The lady was criticing the best use of time; this is not of itself a criticism of presuppositionalism, or need not be seen as such. If a talk were to be entitled 'how science disproves the bible' or 'dinosaurs and man co-existed', then some people will get frustrated if the bulk of the time is spent going through the 7 'C's of bible history.

My experience of CMI UK talks is that most of the audience already accept YEC but there is not enough science for them to pass on a broad picture persuasively.

Others, unpersuaded about YEC, come specifically to hear the science. Most accept the bible is 'true' but they would see CMI as 'literalists'. They are not even sure the flood was global. They would say that the flood was a true account by those witnessing it at the time. One might well say they are not fully presuppositional, but what they came for was the science.

I think one can quickly set out the presuppositional starting point and move on to the science in more depth. This then acts as a bridge into the CMI library

I attended one talk where written questions were collected at half time. All 20 bar one were about science. This is what they come for. I no longer bring theistic evolutionists to these talks

Dominic Statham responds

Deciding on the content of a creation talk is not easy. Who is coming? What background do they have? What questions have they got? What misconceptions do they hold? Some cannot see why it matters what we believe about origins, and such people need to be convinced first of the relevance of the issue. Others are already clear about this and want to get straight into the ‘nitty-gritty’. In my experience, many find it difficult to follow even ‘low level’ scientific arguments. I notice that such people (who are not a small minority) quickly switch off when I start getting just a little technical. Others are science graduates and want to know all the details. All this probably explains why almost everyone I speak to seems to have a different opinion as to what a creation talk should cover.

One possible solution is to attempt to tailor a talk to a particular audience. Unfortunately, this is unlikely to work because numbers attending are generally very low—we’d end up addressing around five people! Another approach is to seek to establish the biblical worldview in the main talk and then deal with more science in the Q&A session.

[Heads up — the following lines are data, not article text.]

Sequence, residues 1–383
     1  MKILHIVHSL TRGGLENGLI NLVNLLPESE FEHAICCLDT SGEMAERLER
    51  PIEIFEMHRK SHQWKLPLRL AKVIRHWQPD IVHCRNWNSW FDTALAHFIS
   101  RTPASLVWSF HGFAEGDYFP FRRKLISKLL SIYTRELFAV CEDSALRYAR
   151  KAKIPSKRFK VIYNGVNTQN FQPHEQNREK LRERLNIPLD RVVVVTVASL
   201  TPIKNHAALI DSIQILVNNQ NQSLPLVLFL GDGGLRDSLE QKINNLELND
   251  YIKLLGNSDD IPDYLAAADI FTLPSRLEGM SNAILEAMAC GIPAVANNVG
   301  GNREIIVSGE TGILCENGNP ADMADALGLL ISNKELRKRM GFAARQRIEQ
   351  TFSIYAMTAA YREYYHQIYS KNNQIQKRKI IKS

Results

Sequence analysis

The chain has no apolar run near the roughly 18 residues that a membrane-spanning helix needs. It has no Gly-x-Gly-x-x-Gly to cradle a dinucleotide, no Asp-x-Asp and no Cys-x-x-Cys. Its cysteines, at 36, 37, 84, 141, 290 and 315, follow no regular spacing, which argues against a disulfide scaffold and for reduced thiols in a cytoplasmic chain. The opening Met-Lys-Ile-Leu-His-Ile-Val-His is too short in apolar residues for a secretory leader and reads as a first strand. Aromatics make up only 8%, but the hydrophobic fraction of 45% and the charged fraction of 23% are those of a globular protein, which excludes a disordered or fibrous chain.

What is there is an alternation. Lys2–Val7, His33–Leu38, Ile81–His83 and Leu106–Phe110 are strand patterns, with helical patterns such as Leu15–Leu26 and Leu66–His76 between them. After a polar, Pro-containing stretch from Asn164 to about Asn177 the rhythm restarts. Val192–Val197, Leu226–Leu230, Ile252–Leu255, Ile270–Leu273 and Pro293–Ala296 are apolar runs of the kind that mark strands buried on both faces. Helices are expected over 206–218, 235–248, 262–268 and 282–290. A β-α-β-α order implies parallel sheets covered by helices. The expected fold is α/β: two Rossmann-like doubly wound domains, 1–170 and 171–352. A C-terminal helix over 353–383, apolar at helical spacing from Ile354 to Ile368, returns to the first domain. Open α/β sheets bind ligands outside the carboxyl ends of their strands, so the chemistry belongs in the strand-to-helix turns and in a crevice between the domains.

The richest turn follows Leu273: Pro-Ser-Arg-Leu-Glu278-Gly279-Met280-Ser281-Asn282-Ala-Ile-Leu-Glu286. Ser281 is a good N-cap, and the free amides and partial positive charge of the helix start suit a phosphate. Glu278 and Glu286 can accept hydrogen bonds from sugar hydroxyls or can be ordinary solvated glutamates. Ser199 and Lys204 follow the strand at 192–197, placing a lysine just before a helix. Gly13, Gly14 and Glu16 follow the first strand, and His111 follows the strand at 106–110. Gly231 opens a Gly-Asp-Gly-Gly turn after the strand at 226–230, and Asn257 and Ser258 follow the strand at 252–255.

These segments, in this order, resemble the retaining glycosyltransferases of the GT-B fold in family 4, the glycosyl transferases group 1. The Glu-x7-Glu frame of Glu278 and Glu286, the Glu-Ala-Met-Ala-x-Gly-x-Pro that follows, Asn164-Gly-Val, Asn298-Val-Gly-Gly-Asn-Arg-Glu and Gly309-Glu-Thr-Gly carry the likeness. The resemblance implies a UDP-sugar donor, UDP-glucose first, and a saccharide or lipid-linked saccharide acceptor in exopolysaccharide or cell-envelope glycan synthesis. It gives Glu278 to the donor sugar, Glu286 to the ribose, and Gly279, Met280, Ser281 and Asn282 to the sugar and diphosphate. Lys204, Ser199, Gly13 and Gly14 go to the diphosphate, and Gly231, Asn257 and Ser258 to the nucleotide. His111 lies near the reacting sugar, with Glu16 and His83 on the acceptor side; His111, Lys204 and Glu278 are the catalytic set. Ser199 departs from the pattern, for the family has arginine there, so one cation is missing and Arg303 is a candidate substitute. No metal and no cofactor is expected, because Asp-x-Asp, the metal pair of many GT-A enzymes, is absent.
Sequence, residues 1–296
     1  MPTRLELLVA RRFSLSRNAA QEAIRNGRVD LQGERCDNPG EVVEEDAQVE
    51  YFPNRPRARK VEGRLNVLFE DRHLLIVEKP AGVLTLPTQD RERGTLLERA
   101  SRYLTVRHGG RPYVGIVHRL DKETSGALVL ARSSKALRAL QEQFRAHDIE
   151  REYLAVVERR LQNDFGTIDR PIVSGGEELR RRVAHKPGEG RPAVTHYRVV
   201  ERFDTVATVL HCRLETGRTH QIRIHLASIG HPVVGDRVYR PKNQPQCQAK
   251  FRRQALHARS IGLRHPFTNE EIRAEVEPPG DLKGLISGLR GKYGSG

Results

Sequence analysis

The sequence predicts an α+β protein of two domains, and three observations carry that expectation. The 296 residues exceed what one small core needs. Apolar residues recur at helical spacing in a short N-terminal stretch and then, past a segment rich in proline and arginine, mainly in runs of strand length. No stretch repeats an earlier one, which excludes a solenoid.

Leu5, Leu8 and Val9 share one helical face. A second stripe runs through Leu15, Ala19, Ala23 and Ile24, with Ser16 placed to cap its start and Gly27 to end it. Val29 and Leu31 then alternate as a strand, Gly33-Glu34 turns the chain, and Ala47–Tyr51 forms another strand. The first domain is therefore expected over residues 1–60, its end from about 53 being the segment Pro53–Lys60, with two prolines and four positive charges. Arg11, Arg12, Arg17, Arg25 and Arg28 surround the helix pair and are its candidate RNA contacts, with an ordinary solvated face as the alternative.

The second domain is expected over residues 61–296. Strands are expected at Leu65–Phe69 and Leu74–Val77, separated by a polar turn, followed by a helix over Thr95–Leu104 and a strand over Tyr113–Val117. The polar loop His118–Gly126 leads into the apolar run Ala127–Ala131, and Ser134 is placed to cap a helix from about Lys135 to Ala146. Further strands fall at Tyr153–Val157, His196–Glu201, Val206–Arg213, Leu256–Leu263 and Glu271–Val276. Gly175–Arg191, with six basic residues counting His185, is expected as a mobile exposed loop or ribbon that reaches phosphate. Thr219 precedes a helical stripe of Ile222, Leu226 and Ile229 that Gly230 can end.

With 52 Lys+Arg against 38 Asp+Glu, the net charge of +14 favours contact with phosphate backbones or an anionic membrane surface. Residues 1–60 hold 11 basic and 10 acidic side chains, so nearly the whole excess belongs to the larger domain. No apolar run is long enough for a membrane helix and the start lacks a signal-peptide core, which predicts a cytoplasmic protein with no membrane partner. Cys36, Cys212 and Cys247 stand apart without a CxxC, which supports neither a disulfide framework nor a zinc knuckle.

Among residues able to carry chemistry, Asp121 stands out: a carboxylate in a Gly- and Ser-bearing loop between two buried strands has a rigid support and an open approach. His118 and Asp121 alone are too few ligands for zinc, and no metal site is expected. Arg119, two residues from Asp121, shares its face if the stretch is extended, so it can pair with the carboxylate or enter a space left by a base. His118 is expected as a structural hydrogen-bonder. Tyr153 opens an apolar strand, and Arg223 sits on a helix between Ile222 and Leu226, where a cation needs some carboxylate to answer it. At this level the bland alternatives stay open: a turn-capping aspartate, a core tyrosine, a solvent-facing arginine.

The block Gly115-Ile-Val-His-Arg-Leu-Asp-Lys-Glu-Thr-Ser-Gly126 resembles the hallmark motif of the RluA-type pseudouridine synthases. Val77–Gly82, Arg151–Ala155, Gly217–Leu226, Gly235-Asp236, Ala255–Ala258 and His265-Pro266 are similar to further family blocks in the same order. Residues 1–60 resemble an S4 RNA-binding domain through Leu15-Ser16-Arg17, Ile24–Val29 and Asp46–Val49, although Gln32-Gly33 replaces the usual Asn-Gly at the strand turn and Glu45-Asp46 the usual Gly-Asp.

If, when addressing theistic evolutionists, I spent most of the time talking about science, wouldn’t this simply confirm them in their view that ‘what science says’ is the primary issue? I remember giving a talk where one man from the church showed little interest when I argued that theistic evolution was inconsistent with Scripture. However, when a qualified biologist in the audience said that he had studied evolution and concluded that science supported creation, this same man paid close attention. What does this say about his authority?

At the London Creation Declares conference (9 & 10 September 2016), I will be giving a talk entitled, The Age of the Earth and Why it Matters. This will begin with the issue of authority (whether this should be science or Scripture) but will then go on to give a generous amount of time to the science challenging the ruling paradigm that the rocks are millions of years old. By dealing with the Bible first, I will put science in its proper place.

A. D., Australia, 20 July 2016

What a true article. I know I'm the real world scene and that even if I explain the evidence for the Bible and explain the Gospel to atheists clearly they will often fully reject it, even tho it's fact. The world hates God and doesn't want God and Christ's next coming is soon, I believe.

Oh quick question - can we (Christians) also be biased and ignore some 'facts' that the atheist or any other person puts forward to us [hope you understand my question]? God Bless All!

Dominic Statham responds

We are all biased as we interpret facts according to our belief systems (how we view the world). However, we should always seek to be humble, which means Christians can learn from everyone--so long as what they say doesn't contradict the Word of God!

Annette P., Australia, 20 July 2016

Great article and so true. God's Word has to be the basis for all our beliefs.